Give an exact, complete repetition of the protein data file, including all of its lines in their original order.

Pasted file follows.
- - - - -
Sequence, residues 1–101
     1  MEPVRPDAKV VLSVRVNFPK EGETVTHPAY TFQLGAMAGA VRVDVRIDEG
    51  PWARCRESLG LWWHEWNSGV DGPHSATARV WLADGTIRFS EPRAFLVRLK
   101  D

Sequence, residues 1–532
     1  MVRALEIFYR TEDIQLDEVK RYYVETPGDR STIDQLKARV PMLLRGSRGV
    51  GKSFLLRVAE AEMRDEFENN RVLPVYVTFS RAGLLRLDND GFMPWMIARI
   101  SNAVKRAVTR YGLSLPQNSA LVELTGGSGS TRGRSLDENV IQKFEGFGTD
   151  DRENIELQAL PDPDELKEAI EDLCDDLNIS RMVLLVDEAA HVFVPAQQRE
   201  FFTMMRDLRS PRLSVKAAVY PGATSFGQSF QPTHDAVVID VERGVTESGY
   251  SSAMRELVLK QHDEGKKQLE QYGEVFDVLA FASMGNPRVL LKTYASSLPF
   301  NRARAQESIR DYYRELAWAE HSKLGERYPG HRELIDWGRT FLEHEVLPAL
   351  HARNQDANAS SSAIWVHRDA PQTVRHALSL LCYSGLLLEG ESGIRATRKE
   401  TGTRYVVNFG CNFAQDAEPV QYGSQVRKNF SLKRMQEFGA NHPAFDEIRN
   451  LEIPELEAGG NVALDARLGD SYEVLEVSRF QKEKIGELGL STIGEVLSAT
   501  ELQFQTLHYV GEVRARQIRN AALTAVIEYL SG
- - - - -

Sequence, residues 1–101
     1  MEPVRPDAKV VLSVRVNFPK EGETVTHPAY TFQLGAMAGA VRVDVRIDEG
    51  PWARCRESLG LWWHEWNSGV DGPHSATARV WLADGTIRFS EPRAFLVRLK
   101  D

Sequence, residues 1–532
     1  MVRALEIFYR TEDIQLDEVK RYYVETPGDR STIDQLKARV PMLLRGSRGV
    51  GKSFLLRVAE AEMRDEFENN RVLPVYVTFS RAGLLRLDND GFMPWMIARI
   101  SNAVKRAVTR YGLSLPQNSA LVELTGGSGS TRGRSLDENV IQKFEGFGTD
   151  DRENIELQAL PDPDELKEAI EDLCDDLNIS RMVLLVDEAA HVFVPAQQRE
   201  FFTMMRDLRS PRLSVKAAVY PGATSFGQSF QPTHDAVVID VERGVTESGY
   251  SSAMRELVLK QHDEGKKQLE QYGEVFDVLA FASMGNPRVL LKTYASSLPF
   301  NRARAQESIR DYYRELAWAE HSKLGERYPG HRELIDWGRT FLEHEVLPAL
   351  HARNQDANAS SSAIWVHRDA PQTVRHALSL LCYSGLLLEG ESGIRATRKE
   401  TGTRYVVNFG CNFAQDAEPV QYGSQVRKNF SLKRMQEFGA NHPAFDEIRN
   451  LEIPELEAGG NVALDARLGD SYEVLEVSRF QKEKIGELGL STIGEVLSAT
   501  ELQFQTLHYV GEVRARQIRN AALTAVIEYL SG